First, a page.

MOSCOW — It was the most banal yet terrifying of documents, restricting people to living where police chose. It listed workplace and family status. At its "Fifth Point," it even told the all-powerful authorities whether an individual was, say, Russian, Ukrainian or Jewish.
More than anything else, this "nationalities" clause made the internal passport--the bludgeon of czarist and Soviet totalitarian regimes--unpopular with this country's Jewish minority. In the homeland of the pogrom, Jews have always seen the forced disclosure of such information as an open invitation to harassment.
But today, a new internal passport is being introduced, one that drops the infamous Fifth Point. It comes as official anti-Semitism in Russia is on the wane, and it has been heralded by Russian leaders as a big step away from Big Brother-style Soviet rule.
"Wherever you want to go, wherever you want to live, that's your business now," a beaming President Boris N. Yeltsin told 30 teenagers who were the first people to be awarded new passports, on Tuesday, at a televised ceremony complete with brass band and the glitter of Kremlin chandeliers.
Whether the reform means Russian citizens will be more free of state-sponsored racism, or of state supervision in general, is in doubt.
The anti-Semitic policies of yesterday may have gone, skeptics say, but they have been replaced by a new form of official racism--policies discriminating against dark-skinned peoples from the Caucasus. Critics also say that, despite the reform, the new internal passport will still restrict individual freedoms for all Russians to a degree unknown in the West.
"This is just camouflage," said Alexander V. Liberman of the Union of Councils, a Jewish human rights group. "The national question goes a lot deeper than the nationality clause in your passport. I'm for this reform, or at least not against it. But I don't see any forward movement in it."
Adolf S. Shayevich, the rabbi of Russia, took a more optimistic view, calling the new passport only one of many signs that anti-Semitism is no longer state policy. In a country where unseen barriers stopped Jews from being promoted, another indicator has been the appointment of politicians of Jewish descent to fill highly visible top jobs in Yeltsin's government.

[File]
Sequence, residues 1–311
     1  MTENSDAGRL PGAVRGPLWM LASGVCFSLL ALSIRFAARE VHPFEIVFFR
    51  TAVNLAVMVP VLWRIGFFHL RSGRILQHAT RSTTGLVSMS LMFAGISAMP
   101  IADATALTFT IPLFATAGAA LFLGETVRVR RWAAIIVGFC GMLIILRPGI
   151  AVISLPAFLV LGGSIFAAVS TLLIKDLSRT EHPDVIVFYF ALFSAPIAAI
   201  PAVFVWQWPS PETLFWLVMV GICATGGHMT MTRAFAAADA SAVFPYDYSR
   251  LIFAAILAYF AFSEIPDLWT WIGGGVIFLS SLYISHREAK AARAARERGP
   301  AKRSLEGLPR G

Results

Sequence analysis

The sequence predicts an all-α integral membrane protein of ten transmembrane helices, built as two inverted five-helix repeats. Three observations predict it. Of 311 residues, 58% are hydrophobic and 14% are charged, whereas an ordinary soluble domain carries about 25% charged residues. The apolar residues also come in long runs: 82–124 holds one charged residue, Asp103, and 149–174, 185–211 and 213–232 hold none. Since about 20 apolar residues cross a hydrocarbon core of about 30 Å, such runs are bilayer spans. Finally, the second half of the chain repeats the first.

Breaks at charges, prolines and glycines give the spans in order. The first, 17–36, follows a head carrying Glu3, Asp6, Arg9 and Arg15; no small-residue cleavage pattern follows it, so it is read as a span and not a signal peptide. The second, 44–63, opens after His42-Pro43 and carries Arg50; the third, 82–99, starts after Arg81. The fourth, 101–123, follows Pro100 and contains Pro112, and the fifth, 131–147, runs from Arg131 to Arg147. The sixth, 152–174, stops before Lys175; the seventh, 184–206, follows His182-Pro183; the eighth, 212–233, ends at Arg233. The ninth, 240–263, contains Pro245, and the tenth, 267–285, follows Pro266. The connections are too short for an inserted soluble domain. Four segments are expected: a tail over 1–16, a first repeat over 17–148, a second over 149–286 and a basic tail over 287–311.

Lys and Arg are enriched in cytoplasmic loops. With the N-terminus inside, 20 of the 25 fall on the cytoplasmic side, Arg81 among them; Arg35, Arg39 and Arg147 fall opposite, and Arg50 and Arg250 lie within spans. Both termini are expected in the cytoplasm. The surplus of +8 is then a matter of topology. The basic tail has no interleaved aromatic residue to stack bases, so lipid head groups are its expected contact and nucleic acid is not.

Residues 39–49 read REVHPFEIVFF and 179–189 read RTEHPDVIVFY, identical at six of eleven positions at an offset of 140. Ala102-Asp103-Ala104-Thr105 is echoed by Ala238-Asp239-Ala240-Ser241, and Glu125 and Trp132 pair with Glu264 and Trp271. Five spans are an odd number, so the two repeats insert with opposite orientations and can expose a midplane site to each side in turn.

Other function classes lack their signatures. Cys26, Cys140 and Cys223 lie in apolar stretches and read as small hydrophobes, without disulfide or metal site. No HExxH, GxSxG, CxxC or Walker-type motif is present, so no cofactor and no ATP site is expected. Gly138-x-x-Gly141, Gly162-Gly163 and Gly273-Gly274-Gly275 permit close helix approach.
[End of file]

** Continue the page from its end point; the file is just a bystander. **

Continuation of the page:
Since the perestroika era of the 1980s, when Jewish mass emigration to Israel was officially sanctioned and many of the Soviet Union's most qualified professionals left, official Russia has looked with new anxiety at the 1 million or so Jews still here and has tried to make life attractive enough to stop the economically damaging "brain drain."
What Shayevich called "everyday anti-Semitism"--desecration of Jewish graveyards, whispers of race hate from extremist, fascist and nationalist political groups--is still widespread, even if it has become taboo, the preserve of people on the uncivilized fringe of Russian society. But though hundreds of thousands of Jews have emigrated, "the overwhelming majority of [those who remain] would like to stay," he said. "Perhaps the introduction of these new passports, without a nationality clause, will be seen by many of them as a new step toward assimilation.
"On balance, I think the passport reform is probably good for all citizens," Shayevich added. Holders of the new document--whose raspberry-colored cover features not a hammer and sickle but the double-headed czarist eagle that Yeltsin has brought back as Russia's emblem--will all be categorized as Rossianye, or "citizens of Russia."
While many Jews might be pleased at the disappearance of the Soviet establishment's way of keeping them down, other Russians have less reason to rejoice.
A new ethnic group has quickly taken the Jews' traditional place as scapegoat in post-Soviet society. The peoples of the Caucasus Mountains on Russia's southern border are now blamed for many of the nation's economic and crime woes. The identification of "persons of Caucasian nationality" as Russians' ethnic enemy was both a cause and an effect of Russia's 1994-96 war in the Caucasus region of Chechnya.
Diederik Lohman, director of the Moscow office of Human Rights Watch/Helsinki, is among commentators who said the passport reform will not help Caucasians avoid widespread police brutality, since their features let them be picked easily from a crowd of Russians--and brutalized.
"Discrimination in Russia is not getting less. It has just changed its shape a little bit," said Lohman. "Before, it was the Fifth Point that was used to discriminate. But now, people aren't discriminated against because of what's in their passport; one look at their face shows they have dark skin."
A September Human Rights Watch/Helsinki report accused police of systematic abuse of dark-skinned men in Moscow. It said police routinely arrest, beat, arbitrarily fine and destroy papers of "people with dark skin and hair who appear to be from developing countries, the Caucasus, the Northern Caucasus or Central Asia."